Will You Ever be Able to Stay in Your Own Wheelchair on an Airplane? A US Access Board Report

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airplane taking off

The US Access Board recently released the results of a study on the feasibility of installing wheelchair securement systems on passenger aircraft. This study was mandated by Congress, sponsored by the US Access Board, and conducted by the specially appointed Transportation Research Board (TRB). Continue reading

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Rock On, Punkin!

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In September 2018 Charles and I were in Shenandoah National Park reveling in the spectacular fall foliage. At that time we lived in the California Sierras and our fall colors were relatively non-existent compared to the Virginia show. We stayed at Skyland Lodge on August 21, and had just unpacked the car when the heavens opened and we were hit with a torrential downpour. I started to settle in for the night, when I realized that I left my phone charge in the car, so I bundled up and trekked back out to retrieve it. Continue reading

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Sequoia & Kings Canyon National Park Improvements Announced

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Although Sequoia & Kings Canyon National Park already has many accessible trails, campgrounds and picnic areas, more access improvements and upgrades are coming to the park. Here are some of the highlights of their Accessibility Transition Plan, which was released in July 2021. Some improvements will be immediate, while others are in the long term plan; but in the end they will add up to better access for wheelchair-users and slow walkers. Continue reading

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New Yok City’s MTA Highlights Accessibility Improvements

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Last month New York City’s Metropolitan Transportation Authority (MTA) highlighted their recent access improvements and reaffirmed their commitment to make public transportation more accessible to everyone. At a Coney Island celebration on the 31st anniversary of the passage of the Americans with Disabilities Act, MTA Chief Accessibility Officer Quemuel Arroyo proclaimed, “My mission at the MTA is showing that accessibility and equity are one and the same.” Continue reading

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Visiting a National Park in 2021? Take Food!

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Visiting a national park in 2021 is a completely different experience. Some national parks require reservations or entry permits, while others may have limited services. And then there are the crowds. People are being turned away from Arches National Park at 8 AM because the entrance line backs up to the highway, and when we visited Glacier National Park last week there was no parking at Logan Pass at 8 AM. Usually getting to a national park early in the morning will give you the edge, but that’s not always the case in 2021. Continue reading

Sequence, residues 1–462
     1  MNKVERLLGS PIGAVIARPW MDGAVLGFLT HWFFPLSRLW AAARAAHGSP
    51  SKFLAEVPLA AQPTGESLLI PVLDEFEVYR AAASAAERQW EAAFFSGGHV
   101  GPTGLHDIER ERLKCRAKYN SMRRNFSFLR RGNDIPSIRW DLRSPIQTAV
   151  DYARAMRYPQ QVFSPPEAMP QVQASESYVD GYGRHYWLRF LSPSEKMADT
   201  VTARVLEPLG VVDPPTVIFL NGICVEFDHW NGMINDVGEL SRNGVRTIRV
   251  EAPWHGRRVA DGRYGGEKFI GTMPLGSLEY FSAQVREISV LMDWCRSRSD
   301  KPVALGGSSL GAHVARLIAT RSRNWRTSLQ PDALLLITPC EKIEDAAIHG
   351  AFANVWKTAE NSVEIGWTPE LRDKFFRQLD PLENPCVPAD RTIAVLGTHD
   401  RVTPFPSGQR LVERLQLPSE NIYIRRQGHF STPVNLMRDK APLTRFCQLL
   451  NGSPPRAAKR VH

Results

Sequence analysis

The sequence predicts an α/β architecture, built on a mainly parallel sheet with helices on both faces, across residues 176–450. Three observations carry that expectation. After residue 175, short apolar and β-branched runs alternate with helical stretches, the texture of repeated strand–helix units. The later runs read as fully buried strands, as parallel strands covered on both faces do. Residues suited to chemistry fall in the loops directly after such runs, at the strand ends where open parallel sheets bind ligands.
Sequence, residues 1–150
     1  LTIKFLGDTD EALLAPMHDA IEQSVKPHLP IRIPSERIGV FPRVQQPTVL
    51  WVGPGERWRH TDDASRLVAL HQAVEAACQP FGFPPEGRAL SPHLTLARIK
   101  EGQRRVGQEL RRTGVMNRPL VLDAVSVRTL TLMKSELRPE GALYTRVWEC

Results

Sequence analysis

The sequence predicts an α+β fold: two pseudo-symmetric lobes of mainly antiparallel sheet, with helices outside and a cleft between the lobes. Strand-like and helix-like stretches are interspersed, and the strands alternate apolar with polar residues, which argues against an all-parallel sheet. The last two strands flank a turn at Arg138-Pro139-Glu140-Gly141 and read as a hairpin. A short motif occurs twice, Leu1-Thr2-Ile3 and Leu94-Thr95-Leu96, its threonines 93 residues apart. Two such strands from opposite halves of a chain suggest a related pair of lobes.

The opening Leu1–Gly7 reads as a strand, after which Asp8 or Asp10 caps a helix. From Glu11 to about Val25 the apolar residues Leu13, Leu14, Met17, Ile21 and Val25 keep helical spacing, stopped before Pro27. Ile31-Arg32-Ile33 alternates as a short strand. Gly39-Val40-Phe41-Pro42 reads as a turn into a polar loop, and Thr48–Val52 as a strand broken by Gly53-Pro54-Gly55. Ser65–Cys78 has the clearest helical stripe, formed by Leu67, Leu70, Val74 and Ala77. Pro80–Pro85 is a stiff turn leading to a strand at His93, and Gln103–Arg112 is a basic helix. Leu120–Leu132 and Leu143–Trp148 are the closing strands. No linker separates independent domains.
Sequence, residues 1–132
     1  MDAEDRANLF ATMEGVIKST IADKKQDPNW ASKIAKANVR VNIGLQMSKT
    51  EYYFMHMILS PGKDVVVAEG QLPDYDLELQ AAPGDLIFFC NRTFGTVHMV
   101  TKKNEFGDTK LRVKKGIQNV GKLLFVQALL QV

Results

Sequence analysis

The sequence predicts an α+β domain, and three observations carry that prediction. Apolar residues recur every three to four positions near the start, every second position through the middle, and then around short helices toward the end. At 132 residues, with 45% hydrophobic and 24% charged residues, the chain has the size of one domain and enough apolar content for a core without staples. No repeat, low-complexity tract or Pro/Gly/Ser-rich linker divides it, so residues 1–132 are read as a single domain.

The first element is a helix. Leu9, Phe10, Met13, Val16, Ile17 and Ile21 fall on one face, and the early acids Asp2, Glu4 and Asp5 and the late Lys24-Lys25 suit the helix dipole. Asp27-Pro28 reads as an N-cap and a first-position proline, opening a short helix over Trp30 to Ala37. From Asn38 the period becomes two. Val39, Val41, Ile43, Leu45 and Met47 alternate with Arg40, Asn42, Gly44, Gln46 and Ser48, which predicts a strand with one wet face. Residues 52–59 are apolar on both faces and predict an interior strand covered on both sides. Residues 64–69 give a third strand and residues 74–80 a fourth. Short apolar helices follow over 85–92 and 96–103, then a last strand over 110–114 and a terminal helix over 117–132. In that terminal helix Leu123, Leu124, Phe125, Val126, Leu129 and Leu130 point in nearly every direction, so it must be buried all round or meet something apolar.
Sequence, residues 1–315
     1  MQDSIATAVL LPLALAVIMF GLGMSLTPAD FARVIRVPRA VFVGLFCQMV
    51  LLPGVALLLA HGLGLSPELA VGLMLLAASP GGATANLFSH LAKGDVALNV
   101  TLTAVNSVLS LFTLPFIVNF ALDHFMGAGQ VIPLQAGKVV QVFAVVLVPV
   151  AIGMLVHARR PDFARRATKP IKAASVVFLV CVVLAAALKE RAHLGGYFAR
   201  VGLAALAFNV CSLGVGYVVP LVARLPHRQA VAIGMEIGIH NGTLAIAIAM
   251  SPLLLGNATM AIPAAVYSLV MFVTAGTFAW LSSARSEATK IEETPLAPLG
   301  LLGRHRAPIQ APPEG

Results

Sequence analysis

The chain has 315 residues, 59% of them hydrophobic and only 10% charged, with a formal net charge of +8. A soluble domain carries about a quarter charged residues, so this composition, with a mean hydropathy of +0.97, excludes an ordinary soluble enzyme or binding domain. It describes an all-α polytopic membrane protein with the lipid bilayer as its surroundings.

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First Annual Spirit Lake Cardboard Boat Regatta

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First-time events can go either way. Fortunately the inaugural cardboard boat regatta at Spirit Lake was a real winner this weekend. It was held at Fireside Park, which offers accessible parking and restrooms; and I was pleased to see several wheelchair-users there. Plus, since the park is fairly flat, it’s easy to roll over to the shore to get a better view of all the action. Continue reading

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Navajo Nation Tribal Parks Closed Due to COVID-19

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If a Southwestern US road trip is in your future, please take note that the Navajo Nation tribal parks are currently closed due to COVID-19. The Navajo Nation’s roads also remain closed to visitors and tourists until further notice. This includes the following parks and recreation areas. Continue reading

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Yosemite National Park Moves to Reservation System for 2021

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Yosemite Falls

Entrance permits are no longer required for Yosemite National Park.

Beginning on May 21, 2021 Yosemite National Park will require day-use visitors to hold a reservation to enter the park. Visitors who have camping or lodging reservations will not be required to have day-use reservations. Continue reading

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Zion National Park Implements Shuttle Ticketing System for 2021

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Shuttle tickets are no longer required in Zion National Park.

If you’re thinking about visiting Zion National Park this year, you’ll need to plan ahead, as a new shuttle ticketing system has been implemented in the park. Private vehicles are not permitted in Zion Canyon, and in normal years a free on-demand shuttle bus runs from the visitor center to trailheads and viewpoints in the canyon. Of course this is not a normal year, and due to COVID-19 shuttle capacity has been reduced in 2021, and a timed shuttle bus ticketing system has been implemented. Continue reading

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